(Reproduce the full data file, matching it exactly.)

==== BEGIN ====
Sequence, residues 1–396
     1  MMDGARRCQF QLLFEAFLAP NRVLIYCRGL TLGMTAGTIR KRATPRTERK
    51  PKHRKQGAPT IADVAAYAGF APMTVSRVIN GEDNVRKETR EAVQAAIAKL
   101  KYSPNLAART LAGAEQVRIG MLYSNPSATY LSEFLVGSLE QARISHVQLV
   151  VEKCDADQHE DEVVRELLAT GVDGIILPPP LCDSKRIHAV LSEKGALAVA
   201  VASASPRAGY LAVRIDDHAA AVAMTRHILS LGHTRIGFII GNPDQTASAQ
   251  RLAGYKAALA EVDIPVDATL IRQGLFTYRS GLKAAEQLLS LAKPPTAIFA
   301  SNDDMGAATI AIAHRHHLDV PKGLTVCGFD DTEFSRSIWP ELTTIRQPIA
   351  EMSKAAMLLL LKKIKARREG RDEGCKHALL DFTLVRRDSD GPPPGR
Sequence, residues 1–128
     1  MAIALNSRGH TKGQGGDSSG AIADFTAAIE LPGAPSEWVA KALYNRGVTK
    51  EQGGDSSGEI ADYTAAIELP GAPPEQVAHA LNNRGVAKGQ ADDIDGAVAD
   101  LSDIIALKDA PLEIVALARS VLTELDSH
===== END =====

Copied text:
Sequence, residues 1–396
     1  MMDGARRCQF QLLFEAFLAP NRVLIYCRGL TLGMTAGTIR KRATPRTERK
    51  PKHRKQGAPT IADVAAYAGF APMTVSRVIN GEDNVRKETR EAVQAAIAKL
   101  KYSPNLAART LAGAEQVRIG MLYSNPSATY LSEFLVGSLE QARISHVQLV
   151  VEKCDADQHE DEVVRELLAT GVDGIILPPP LCDSKRIHAV LSEKGALAVA
   201  VASASPRAGY LAVRIDDHAA AVAMTRHILS LGHTRIGFII GNPDQTASAQ
   251  RLAGYKAALA EVDIPVDATL IRQGLFTYRS GLKAAEQLLS LAKPPTAIFA
   301  SNDDMGAATI AIAHRHHLDV PKGLTVCGFD DTEFSRSIWP ELTTIRQPIA
   351  EMSKAAMLLL LKKIKARREG RDEGCKHALL DFTLVRRDSD GPPPGR
Sequence, residues 1–128
     1  MAIALNSRGH TKGQGGDSSG AIADFTAAIE LPGAPSEWVA KALYNRGVTK
    51  EQGGDSSGEI ADYTAAIELP GAPPEQVAHA LNNRGVAKGQ ADDIDGAVAD
   101  LSDIIALKDA PLEIVALARS VLTELDSH